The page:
A Hybrid CFD-DSMC Model Designed to Simulate Rapidly Rarefying Flow Fields and its Application to Physical Vapor Deposition

Open Access
Gott, Kevin Nathaniel
Graduate Program:
Mechanical Engineering
Doctor of Philosophy
Document Type:
Date of Defense:
March 05, 2015
Committee Members:
  • Anil Kamalakant Kulkarni, Dissertation Advisor
  • Jogender Singh, Committee Member
  • Daniel Connell Haworth, Committee Member
  • Savas Yavuzkurt, Committee Member
  • Physical Vapor Deposition
  • CFD
  • DSMC
  • Multi-physics Modeling
  • Vacuum
  • Coatings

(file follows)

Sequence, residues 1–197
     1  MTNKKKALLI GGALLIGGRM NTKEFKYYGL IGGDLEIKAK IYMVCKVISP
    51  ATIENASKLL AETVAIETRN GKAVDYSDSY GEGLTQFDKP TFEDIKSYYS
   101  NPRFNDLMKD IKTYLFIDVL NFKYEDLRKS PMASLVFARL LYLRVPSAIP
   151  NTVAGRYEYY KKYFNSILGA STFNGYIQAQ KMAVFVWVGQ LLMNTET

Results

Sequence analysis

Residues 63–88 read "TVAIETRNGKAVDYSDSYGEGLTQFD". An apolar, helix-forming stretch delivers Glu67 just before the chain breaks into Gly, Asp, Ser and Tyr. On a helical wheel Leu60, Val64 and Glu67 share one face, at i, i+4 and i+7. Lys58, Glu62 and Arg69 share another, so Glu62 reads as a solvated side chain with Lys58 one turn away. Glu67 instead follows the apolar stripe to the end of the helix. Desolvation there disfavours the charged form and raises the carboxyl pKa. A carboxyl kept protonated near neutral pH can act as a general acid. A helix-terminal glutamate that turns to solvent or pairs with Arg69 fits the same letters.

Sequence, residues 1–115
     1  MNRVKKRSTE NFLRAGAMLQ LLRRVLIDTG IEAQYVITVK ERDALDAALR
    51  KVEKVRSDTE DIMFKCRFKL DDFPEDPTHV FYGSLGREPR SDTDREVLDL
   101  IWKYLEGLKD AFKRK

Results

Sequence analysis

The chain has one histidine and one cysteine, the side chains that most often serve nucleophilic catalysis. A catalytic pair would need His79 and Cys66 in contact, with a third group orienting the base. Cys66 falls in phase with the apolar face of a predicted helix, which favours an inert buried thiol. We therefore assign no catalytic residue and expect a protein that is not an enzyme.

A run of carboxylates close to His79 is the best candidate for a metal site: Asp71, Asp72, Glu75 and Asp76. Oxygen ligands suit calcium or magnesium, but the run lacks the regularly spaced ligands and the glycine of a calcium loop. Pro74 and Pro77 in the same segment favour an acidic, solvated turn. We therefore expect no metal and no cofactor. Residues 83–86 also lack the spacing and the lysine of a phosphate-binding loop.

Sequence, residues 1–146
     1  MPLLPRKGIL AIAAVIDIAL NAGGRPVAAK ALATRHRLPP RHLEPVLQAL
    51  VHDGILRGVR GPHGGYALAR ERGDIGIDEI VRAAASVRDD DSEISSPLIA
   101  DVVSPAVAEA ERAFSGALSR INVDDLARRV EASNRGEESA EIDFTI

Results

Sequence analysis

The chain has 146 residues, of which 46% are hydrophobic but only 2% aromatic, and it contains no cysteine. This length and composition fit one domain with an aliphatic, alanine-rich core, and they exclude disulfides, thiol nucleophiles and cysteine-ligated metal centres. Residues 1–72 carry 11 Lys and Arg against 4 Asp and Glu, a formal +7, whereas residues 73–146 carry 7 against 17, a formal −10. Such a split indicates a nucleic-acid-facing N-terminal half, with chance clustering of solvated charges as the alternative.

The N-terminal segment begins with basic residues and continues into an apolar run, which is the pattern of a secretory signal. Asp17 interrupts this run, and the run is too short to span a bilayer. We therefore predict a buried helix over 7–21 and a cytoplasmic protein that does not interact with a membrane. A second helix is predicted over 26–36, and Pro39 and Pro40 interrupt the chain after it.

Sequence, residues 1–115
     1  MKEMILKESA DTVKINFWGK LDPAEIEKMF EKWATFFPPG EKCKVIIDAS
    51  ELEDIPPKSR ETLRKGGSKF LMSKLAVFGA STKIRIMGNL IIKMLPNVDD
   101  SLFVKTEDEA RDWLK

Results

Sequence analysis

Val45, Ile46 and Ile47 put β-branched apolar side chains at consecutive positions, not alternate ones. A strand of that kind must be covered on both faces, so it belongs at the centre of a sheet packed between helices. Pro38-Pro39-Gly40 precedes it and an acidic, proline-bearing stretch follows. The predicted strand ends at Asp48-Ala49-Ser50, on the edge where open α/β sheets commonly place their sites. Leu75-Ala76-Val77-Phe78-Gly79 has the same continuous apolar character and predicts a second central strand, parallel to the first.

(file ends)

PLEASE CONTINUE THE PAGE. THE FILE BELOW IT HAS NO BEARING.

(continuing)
This research endeavors to better understand the physical vapor deposition (PVD) vapor transport process by determining the most appropriate fluidic model to design PVD coating manufacturing. An initial analysis was completed based on the calculation of Knudsen number from titanium vapor properties. The results show a dense Navier-Stokes solver best describes flow near the evaporative source, but the material properties suggest expansion into the chamber may result in a strong drop in density and a rarefied flow close to the substrate. A hybrid CFD-DSMC solver is constructed in OpenFOAM for rapidly rarefying flow fields such as PVD vapor transport. The models are patched together combined using a new patching methodology designed to take advantage of the one-way motion of vapor from the CFD region to the DSMC region. Particles do not return to the dense CFD region, therefore the temperature and velocity can be solved independently in each domain. This novel technique allows a hybrid method to be applied to rapidly rarefying PVD flow fields in a stable manner. Parameter studies are performed on a CFD, Navier-Stokes continuum based compressible solver, a Direct Simulation Monte Carlo (DSMC) rarefied particle solver, a collisionless free molecular solver and the hybrid CFD-DSMC solver. The radial momentum at the inlet and radial diffusion characteristics in the flow field are shown to be the most important to achieve an accurate deposition profile. The hybrid model also shows sensitivity to the shape of the CFD region and rarefied regions shows sensitivity to the Knudsen number. The models are also compared to each other and appropriate experimental data to determine which model is most likely to accurately describe PVD coating deposition processes. The Navier-Stokes solvers are expected to yield backflow across the majority of realistic inlet conditions, making their physics unrealistic for PVD flow fields. A DSMC with improved collision model may yield an accurate model, but additional research will first need to be completed to accurately describe the complex intermolecular forces of metals and ceramics. Overall, a hybrid CFD-DSMC solver with an improved equation of state for evaporated PVD materials is recommended to model PVD flow.